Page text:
I was shivering by now. The wind was hitting my wet clothes and it seemed I was in ice. Making sure of every footstep I reached the bridge and huddled with the rest of the men. I saw the Captain for the first time. He was shivering and his face was blue. He had given his boots and weather cap to crew members and was doing his best to cheer the crew. He spotted me and asked me -- "Martinez, how are conditions back aft?" I answered -- "Very bad sir, we lost all available power due to the last explosion." He nodded and continued giving orders to our signal man. At this time he was informed of Mr. Wright and two others who were still in the after compartment. He immediately organized a rescue party and they were brought out. All the crew was now on top deck. The internal condition at this time was a raging inferno and getting worse every minute.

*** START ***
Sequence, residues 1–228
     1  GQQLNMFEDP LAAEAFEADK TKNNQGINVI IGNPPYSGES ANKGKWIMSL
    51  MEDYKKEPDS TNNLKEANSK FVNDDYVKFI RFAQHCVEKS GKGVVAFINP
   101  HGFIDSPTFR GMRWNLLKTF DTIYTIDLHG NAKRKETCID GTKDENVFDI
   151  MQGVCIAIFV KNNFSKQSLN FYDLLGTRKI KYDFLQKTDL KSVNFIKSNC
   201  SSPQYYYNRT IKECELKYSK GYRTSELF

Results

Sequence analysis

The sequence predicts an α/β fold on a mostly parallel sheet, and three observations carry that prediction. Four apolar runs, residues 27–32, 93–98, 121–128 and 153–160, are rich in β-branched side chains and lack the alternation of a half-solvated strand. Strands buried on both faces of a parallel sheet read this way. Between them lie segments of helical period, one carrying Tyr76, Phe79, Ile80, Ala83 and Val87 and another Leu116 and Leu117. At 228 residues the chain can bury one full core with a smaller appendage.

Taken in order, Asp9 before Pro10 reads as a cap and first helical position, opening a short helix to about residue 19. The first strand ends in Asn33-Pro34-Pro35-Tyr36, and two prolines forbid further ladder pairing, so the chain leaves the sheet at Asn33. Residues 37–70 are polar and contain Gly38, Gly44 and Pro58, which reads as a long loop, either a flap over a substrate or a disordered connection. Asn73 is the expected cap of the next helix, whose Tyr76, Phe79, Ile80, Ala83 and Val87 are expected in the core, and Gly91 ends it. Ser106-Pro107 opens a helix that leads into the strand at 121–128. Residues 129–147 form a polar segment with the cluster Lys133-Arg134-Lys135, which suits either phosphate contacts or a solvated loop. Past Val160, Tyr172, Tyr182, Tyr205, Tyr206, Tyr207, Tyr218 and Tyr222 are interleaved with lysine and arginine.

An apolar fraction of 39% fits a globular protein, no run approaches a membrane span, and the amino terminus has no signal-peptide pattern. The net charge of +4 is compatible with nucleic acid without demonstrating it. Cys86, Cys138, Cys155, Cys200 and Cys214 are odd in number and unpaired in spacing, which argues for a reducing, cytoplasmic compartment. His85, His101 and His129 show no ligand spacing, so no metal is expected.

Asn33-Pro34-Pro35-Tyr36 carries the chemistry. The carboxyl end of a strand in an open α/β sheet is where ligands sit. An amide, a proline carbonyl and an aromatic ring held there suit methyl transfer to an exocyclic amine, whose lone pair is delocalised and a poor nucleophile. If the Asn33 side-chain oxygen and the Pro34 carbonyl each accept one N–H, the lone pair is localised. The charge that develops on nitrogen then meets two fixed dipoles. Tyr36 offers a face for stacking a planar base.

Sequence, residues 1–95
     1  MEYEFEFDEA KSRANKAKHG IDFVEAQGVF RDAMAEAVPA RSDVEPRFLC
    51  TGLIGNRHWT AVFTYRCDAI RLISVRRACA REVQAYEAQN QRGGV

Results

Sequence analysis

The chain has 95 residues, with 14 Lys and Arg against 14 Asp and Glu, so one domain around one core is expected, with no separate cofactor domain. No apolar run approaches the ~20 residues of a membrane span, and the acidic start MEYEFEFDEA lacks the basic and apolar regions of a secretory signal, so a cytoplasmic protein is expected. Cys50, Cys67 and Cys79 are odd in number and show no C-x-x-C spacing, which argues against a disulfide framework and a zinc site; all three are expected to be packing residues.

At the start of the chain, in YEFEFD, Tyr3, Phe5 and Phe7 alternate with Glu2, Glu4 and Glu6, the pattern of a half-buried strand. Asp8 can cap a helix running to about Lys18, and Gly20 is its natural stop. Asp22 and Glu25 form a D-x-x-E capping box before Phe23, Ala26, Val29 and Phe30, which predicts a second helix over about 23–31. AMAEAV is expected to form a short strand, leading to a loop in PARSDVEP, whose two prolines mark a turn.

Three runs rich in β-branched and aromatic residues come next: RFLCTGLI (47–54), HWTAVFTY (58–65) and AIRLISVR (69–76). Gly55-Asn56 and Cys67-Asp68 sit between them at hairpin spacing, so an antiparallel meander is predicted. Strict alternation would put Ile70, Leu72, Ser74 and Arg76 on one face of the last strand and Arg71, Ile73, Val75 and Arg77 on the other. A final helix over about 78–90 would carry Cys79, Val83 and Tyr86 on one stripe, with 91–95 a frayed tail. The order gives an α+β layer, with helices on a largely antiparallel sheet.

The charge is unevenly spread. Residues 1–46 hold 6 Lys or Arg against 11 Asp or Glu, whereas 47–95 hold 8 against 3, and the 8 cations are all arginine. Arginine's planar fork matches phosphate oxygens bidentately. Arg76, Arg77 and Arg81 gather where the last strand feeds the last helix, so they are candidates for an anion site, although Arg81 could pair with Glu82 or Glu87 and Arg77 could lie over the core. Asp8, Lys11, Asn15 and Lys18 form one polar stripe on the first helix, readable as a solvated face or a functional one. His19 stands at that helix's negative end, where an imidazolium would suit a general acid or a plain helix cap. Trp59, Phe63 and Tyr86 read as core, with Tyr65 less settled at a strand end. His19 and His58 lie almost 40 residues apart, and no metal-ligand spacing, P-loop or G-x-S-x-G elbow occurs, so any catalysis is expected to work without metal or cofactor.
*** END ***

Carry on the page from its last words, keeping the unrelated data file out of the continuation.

We were prepared to board the TUSK, which was now attempting to come alongside, or to jump into the sea if our sub sank. It was a race with time. it was now 12:30 AM the morning of the 26th. The fury of the heavy sea never decreased its tempo. The TUSK had decided and was determined to come alongside to our rescue regardless of the danger involved. The TUSK, even though in full control of its propelling equipment, pitched and rolled as it approached our port bow. The men were ready with mooring lines -- knowing the feat they were to accomplish was practically an impossibility. The two subs got closer and the two crews braced as tons of steel clashed. Should any of our torpedoes exploded due to heavy shock -- you never would have read this story, as it would have meant the instant loss of both submarines. After completing the most dangerous and adverse job in seamanship, the TUSK was now ready to rescue us.